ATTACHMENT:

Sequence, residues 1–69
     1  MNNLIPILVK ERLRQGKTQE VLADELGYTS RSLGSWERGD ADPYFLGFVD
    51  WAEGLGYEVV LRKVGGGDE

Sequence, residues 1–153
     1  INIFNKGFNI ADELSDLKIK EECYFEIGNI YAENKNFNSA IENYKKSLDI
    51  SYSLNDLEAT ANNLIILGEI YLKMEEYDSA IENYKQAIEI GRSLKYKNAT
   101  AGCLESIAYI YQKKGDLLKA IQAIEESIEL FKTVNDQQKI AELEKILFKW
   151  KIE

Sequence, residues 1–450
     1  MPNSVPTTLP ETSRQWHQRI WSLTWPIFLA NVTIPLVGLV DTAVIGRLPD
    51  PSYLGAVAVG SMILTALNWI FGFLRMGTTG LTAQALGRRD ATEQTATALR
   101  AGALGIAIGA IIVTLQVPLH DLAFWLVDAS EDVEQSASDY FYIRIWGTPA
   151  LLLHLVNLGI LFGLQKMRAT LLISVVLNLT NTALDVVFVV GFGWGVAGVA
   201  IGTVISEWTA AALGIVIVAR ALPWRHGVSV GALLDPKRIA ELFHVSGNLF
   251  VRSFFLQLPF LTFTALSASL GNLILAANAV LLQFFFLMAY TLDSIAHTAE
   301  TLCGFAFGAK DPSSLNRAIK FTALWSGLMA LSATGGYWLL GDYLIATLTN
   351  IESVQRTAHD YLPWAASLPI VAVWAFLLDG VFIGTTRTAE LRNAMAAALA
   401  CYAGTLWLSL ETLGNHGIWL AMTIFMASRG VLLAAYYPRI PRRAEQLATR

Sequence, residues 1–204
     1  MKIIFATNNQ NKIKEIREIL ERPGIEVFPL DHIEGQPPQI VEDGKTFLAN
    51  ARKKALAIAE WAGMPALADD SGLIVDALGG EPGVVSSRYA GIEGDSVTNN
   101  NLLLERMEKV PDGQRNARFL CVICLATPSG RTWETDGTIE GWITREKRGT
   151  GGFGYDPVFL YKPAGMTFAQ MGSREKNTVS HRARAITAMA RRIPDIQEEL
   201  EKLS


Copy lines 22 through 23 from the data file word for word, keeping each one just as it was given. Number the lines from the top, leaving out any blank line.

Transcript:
   101  NLLLERMEKV PDGQRNARFL CVICLATPSG RTWETDGTIE GWITREKRGT
   151  GGFGYDPVFL YKPAGMTFAQ MGSREKNTVS HRARAITAMA RRIPDIQEEL